Today a blogger named Damon Poole wrote a short post titled, “Designing Software is the same as Predicting the Future.” It resonates with my post from a while back on whether “software engineering” is the right metaphor for writing code.
The essential problem of coding is to deal with the unknown as best you can. Software is made to solve a problem, but the more unique the problem, the more difficult it is to draw upon existing knowledge to create good solutions. Unknowns force you to make guesses. Educated guesses, hopefully, but guesses nonetheless.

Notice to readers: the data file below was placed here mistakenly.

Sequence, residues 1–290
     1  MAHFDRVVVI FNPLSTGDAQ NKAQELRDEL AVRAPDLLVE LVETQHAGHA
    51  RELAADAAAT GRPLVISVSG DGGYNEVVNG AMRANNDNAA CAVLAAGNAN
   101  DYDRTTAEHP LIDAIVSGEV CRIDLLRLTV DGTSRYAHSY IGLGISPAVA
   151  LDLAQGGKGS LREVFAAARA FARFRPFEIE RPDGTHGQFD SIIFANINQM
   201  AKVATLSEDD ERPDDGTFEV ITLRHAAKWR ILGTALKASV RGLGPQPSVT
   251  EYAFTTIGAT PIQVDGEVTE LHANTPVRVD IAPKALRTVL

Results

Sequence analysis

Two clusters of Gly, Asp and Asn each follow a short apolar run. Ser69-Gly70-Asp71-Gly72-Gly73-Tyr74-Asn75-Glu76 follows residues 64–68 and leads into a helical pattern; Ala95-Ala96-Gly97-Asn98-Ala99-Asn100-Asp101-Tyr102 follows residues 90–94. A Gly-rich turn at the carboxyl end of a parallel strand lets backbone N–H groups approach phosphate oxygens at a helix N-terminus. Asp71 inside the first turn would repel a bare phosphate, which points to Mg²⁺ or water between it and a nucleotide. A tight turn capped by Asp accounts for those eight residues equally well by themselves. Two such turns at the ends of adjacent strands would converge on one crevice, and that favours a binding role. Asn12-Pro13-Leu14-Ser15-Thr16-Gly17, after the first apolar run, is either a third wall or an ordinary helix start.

This is why I’m in the camp of those who believe that creating software is an art. It’s an endeavor that wrestles with the unknown. This artistry is highest when you find yourself asking, “How do I do X?” and there don’t seem to be any pre-packaged answers you can look up in a textbook or simply google.
Paradoxically, once the software is written and refined, the unknowns are removed from the picture. Art largely disappears once the pure functionalism of operational software emerges. I think this is why many good programmers have short attention spans, get bored, and tend to jump from project to project. They crave the excitement and gratification of facing the unknown. But this is always ultimately ephemeral.